“Mary Pickford of Hollywood California is donating her Toronto home on Dewson Street to provide funds to further a plan to raise a considerable amount for British War Victims. The home is well constructed, solid brick detached. It has 8 rooms, water heating and is tastefully decorated throughout. It is perfect condition. It is to be sold for $5,000 cash in order for a larger undertaking to take place. To be seen by appointment. Eastwood Realty 261a, Coxwell Ave.”
The exact address on Dewson Street was not indicated.
House on Glenwood Crescent
On October 29, 1942, the Globe and Mail newspaper reported that construction of the "Mary Pickford Bungalow" at Glenwood Road had started the day before when Reeve John Warren of East York Township had turned the first sod.
The value of the house and property was given as $15,000. Pickford must have deduced that much more money could be raised by raffling off a new house in the new Woodbine Gardens development, a hidden enclave at the northern end of the massive Woodbine bridge. The bridge was built in 1932 and the Woodbine Gardens neighbourhood is located on the former site of the Woodbine Golf and Country Club which operated there during the 1930s.
Woodbine Gardens houses first sold for between $14,000 and $19,000.The first house built in this neighbourhood was the Mary Pickford War Bungalow at 90 Glenwood Crescent.
Ontario premier Gordon Daniel Conant laid the cornerstone to the house on December 2, 1942. Pickford sent a telegram and The Globe and Mail reported that the telegram and some other items would probably be deposited in the cornerstone.
In May of 1943, both the Toronto Star and The Globe and mail excitedly reported that Pickford would be coming to dedicate the bungalow at Glenwood Crescent and O’Connor Drive, East York on May 24. Shares(raffle tickets) could be purchased at the information desk of the Simpsons’ department store for $1.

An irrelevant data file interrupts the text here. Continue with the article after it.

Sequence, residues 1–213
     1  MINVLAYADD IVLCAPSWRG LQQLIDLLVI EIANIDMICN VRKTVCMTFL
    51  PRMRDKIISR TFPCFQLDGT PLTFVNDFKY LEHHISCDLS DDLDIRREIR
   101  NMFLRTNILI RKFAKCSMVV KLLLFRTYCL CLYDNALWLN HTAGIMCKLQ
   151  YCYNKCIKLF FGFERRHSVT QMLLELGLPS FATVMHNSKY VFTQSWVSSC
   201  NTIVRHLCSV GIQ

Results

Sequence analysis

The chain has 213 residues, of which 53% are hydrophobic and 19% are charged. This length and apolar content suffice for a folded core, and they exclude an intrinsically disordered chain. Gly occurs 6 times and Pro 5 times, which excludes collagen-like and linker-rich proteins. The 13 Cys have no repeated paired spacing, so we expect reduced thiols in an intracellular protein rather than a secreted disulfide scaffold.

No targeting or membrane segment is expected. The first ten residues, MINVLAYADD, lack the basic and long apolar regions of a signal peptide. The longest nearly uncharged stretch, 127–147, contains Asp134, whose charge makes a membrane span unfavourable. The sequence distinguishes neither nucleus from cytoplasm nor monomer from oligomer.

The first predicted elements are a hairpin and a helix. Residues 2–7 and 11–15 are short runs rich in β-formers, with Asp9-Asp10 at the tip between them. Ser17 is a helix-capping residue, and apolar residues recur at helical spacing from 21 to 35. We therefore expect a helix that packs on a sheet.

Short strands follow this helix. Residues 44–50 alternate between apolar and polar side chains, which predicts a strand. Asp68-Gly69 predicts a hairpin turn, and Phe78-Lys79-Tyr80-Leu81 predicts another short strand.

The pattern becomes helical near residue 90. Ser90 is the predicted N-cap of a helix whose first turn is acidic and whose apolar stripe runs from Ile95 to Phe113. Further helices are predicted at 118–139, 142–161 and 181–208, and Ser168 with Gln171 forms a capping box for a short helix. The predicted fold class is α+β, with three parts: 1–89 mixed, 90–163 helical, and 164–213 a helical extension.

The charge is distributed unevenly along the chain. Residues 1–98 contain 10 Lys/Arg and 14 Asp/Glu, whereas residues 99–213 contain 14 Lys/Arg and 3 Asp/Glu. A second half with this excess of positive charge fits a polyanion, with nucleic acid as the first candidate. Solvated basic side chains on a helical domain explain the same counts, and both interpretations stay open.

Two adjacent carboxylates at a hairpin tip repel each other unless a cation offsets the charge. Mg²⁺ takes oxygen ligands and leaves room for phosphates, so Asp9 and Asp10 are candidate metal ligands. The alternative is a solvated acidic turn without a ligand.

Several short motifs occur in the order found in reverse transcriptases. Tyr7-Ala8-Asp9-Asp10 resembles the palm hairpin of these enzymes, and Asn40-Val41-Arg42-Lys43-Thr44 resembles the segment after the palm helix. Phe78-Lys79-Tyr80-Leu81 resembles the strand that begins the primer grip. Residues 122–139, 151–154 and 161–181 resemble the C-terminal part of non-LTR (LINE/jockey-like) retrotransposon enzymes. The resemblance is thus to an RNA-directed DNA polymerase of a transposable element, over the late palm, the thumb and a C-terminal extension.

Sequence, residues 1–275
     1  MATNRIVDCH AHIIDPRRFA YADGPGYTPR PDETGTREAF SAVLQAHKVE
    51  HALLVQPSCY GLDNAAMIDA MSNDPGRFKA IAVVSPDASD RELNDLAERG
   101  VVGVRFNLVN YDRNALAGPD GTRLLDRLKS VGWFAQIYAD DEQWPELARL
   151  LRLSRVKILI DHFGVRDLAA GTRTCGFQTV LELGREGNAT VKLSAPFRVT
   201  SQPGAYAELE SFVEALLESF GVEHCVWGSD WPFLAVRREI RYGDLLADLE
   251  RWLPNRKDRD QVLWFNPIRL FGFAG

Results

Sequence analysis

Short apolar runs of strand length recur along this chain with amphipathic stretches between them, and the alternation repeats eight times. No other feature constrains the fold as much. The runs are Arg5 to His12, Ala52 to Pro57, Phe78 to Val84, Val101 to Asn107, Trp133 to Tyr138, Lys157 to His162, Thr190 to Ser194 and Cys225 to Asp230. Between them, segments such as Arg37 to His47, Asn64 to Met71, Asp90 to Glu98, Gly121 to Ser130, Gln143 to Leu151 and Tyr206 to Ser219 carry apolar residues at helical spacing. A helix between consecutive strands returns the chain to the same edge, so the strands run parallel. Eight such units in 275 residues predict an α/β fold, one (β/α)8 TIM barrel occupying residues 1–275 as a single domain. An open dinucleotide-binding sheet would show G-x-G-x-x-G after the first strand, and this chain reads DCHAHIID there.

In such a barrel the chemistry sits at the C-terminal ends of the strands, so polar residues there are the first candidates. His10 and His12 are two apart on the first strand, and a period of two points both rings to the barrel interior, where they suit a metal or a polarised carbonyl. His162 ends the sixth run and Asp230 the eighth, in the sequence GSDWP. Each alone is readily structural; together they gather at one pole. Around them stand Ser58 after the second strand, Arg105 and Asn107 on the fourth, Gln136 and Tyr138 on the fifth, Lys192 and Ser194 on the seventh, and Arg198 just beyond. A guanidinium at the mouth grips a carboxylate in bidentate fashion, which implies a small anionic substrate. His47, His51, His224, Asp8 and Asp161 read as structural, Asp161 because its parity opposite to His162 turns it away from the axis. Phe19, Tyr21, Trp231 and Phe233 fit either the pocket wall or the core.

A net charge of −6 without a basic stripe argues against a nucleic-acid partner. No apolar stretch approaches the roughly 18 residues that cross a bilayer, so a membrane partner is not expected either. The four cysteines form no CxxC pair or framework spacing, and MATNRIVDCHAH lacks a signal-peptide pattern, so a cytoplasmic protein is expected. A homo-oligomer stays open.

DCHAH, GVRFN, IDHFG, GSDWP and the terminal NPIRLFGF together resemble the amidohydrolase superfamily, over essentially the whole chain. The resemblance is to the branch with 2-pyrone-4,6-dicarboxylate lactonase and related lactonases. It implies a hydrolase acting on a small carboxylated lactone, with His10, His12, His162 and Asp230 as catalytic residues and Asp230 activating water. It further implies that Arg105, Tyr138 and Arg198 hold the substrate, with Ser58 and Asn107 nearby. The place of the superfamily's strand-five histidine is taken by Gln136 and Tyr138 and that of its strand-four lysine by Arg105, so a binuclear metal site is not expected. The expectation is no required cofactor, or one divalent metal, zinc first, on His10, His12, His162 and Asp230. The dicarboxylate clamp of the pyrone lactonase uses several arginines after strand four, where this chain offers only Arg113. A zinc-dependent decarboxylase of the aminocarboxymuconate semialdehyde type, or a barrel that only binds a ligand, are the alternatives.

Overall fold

On behalf of the Bungalow project, Mary appeared on several local radio programs.
Mary Pickford opened the War Fund Bungalow on May 24 by turning a gold key into the front door lock.
5,000 people gathered to celebrate the completion of the home. It was built under the sponsorship of the Lions International District A and the Gerrard Business Men’s Association. Proceeds were divided between the British Child War Victims Fund, The Evening Telegram British War Victims Fund and the Malta War Victims Fund.
Pickford exclaimed over the compactness of the bungalow, its five rooms and rumpus room in the cellar. The kitchen was fully equipped thanks to a $2,500 donation from General Electric. The lucky shareholder was also to be given a life membership in the Woodbine Golf Course and a year’s supply of Baker’s Bread.
The lucky ticket was number 196-A. It belonged to George Ellis. He had no idea when he went to an evening baseball game on August 26, 1943, he would return home the winner of the completely furnished Pickford Bungalow. The ticket was drawn out of more than 100,000 by Ontario Premier George Drew at the Fair for Britain. Mr. Ellis, an employee of the Consumer’s Gas Company on Eastern Avenue, told The Globe and Mail the next day that he intended to sell the house which was valued at $17,000 because “It’s too good for me.” He preferred to remain in his home at 30 Robinson Street in Scarborough.